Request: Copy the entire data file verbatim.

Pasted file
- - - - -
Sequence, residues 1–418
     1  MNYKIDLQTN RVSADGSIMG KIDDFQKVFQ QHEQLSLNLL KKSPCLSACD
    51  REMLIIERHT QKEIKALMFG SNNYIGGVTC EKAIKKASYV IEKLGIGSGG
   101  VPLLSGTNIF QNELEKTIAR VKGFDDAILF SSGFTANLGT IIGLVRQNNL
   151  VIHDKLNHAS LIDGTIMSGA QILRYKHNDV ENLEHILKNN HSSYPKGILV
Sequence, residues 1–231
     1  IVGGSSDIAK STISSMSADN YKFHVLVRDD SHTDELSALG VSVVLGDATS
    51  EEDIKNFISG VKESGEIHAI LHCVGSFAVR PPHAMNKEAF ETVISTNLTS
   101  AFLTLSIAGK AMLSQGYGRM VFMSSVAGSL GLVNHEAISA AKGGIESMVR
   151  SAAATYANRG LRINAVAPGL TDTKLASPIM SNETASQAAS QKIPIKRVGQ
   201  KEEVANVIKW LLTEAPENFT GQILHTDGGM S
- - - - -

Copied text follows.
Sequence, residues 1–418
     1  MNYKIDLQTN RVSADGSIMG KIDDFQKVFQ QHEQLSLNLL KKSPCLSACD
    51  REMLIIERHT QKEIKALMFG SNNYIGGVTC EKAIKKASYV IEKLGIGSGG
   101  VPLLSGTNIF QNELEKTIAR VKGFDDAILF SSGFTANLGT IIGLVRQNNL
   151  VIHDKLNHAS LIDGTIMSGA QILRYKHNDV ENLEHILKNN HSSYPKGILV
Sequence, residues 1–231
     1  IVGGSSDIAK STISSMSADN YKFHVLVRDD SHTDELSALG VSVVLGDATS
    51  EEDIKNFISG VKESGEIHAI LHCVGSFAVR PPHAMNKEAF ETVISTNLTS
   101  AFLTLSIAGK AMLSQGYGRM VFMSSVAGSL GLVNHEAISA AKGGIESMVR
   151  SAAATYANRG LRINAVAPGL TDTKLASPIM SNETASQAAS QKIPIKRVGQ
   201  KEEVANVIKW LLTEAPENFT GQILHTDGGM S